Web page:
Leadership Style: Blinders, Beacon or Both?
I was on my way to a meeting, driving on the freeway in blinding rain and happily singing along with the radio. Suddenly, there’s a semi-trailer on either side of my car, both churning up road mist and throwing off their own back-splash of rain. I couldn’t see a thing. No more singing as I’m fiercely clutching the steering wheel, intent on maneuvering my car past the trucks. I’m focused on reaching clear road where my line of sight would be better.
Those trucks were like leaders who use their power and position to blind others, in essence saying we’re doing it my way, so look where I point and march smartly in that direction. Margaret Wheatley observes that “ever since uncertainty became our insistent 21st century companion, leadership has taken a great leap backwards to the familiar territory of command and control. Some of this was to be expected, because humans usually default to the known when confronted with the unknown. Some of it was a surprise, because so many organizations had focused on innovation, quality, learning organizations, and human motivation. How did they fail to learn that whenever you impose control on people and situations, you only succeed in turning people into non-creative, shut-down and cynical workers?”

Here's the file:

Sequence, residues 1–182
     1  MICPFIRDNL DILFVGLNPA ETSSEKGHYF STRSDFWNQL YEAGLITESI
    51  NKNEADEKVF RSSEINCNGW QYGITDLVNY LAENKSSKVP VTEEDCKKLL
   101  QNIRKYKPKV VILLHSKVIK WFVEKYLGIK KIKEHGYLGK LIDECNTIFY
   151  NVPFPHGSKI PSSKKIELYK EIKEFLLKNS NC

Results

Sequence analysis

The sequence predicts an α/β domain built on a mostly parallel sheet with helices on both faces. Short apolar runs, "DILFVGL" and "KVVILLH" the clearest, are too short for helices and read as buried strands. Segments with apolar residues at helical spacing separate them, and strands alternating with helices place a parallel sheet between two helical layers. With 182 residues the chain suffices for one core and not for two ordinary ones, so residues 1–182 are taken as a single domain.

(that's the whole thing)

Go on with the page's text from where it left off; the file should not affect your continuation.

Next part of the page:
I think it’s easier to wear the leadership command and control blinders than to be a leadership beacon. The former is simply an enforcer of what has gone before while the latter is real work. You've got to want it real bad.
Blinders or beacon – which one are you?
- When there’s a problem in the office, do you create a new policy to handle it? Or, do you work with others to figure out the root cause and fix that?
- Can you quote yesterday’s sales figures, production numbers and the cost per sale like nobody’s business? Do you monitor morale, trust and consider employee metrics like satisfaction part of your key performance indicators?
- Does your firm want employees to provide feedback yet shoot the messenger?
- Is the messiness of innovation embraced, recognizing that failures do happen? Or, is innovation part of your mission statement yet failures are counted and are part of performance reviews as a negative?
- Is there a singular focus on efficiency and the bottom line? Or, is there focus on the former but combined with assessing effectiveness and sustainability?
- Does humility or being a super-hero get you on the boss’s radar screen?
- Does your boss ever say “thank you” or is the rate of exchange a fair day’s work for a paycheck?
The gift is knowing when it’s appropriate to use the blinders or be the beacon. Skillful leaders know too much of anything, whether positive or negative*, throws things out of whack and lead to less than optimal results. As Warren Bennis writes, “Good leaders make people feel that they're at the very heart of things, not at the periphery. Everyone feels that he or she makes a difference to the success of the organization. When that happens, people feel centered and that gives their work meaning.”
*I’m still trying to decide if this applies to chocolate or not.